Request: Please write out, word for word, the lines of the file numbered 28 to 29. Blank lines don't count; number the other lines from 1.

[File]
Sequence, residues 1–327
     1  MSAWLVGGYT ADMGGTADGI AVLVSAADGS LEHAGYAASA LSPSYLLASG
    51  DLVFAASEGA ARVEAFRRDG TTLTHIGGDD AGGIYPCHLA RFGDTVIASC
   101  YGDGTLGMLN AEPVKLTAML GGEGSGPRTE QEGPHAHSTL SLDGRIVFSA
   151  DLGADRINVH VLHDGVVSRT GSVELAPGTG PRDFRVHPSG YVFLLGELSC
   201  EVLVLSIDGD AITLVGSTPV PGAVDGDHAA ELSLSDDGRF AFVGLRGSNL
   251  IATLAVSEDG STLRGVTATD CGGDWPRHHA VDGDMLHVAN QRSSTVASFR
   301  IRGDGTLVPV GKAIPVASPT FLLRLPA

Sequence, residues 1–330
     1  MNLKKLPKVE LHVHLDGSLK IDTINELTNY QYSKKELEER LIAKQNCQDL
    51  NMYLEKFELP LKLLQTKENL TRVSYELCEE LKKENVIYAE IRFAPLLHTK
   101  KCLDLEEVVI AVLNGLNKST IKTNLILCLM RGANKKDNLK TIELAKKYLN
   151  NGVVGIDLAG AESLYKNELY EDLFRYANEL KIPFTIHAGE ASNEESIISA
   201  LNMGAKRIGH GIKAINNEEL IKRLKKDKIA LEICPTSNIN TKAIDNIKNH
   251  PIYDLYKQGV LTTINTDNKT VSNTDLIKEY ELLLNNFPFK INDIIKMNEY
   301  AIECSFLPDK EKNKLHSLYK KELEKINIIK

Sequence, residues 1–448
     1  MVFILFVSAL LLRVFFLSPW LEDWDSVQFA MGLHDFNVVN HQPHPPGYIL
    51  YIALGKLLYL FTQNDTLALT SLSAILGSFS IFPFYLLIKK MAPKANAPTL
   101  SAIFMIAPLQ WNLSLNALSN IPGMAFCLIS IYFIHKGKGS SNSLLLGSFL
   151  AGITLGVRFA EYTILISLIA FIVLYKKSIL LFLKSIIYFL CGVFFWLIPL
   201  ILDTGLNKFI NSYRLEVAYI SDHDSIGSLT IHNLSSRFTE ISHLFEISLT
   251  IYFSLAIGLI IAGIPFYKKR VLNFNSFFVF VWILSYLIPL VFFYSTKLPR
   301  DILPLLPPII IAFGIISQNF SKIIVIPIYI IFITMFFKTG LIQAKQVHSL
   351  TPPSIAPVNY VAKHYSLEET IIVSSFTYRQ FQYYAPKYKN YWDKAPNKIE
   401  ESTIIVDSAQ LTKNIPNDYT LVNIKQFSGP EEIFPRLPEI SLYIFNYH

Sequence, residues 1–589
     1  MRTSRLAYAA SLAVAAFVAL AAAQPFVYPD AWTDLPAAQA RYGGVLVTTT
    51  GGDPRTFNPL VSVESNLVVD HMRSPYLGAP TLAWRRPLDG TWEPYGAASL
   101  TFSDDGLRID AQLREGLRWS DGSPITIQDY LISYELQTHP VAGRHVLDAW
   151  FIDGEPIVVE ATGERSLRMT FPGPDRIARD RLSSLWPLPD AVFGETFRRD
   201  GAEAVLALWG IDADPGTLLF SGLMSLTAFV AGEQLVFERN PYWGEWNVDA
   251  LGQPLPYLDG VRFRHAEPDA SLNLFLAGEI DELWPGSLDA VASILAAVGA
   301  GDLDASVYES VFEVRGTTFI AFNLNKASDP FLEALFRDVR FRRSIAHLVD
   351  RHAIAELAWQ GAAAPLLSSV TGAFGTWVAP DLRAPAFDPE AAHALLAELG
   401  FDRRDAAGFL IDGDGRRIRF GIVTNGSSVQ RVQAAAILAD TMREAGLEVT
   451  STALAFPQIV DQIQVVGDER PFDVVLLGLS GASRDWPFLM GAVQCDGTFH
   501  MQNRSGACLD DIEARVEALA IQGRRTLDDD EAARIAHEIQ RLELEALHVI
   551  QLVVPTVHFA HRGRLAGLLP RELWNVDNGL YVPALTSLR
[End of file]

     1  MRTSRLAYAA SLAVAAFVAL AAAQPFVYPD AWTDLPAAQA RYGGVLVTTT
    51  GGDPRTFNPL VSVESNLVVD HMRSPYLGAP TLAWRRPLDG TWEPYGAASL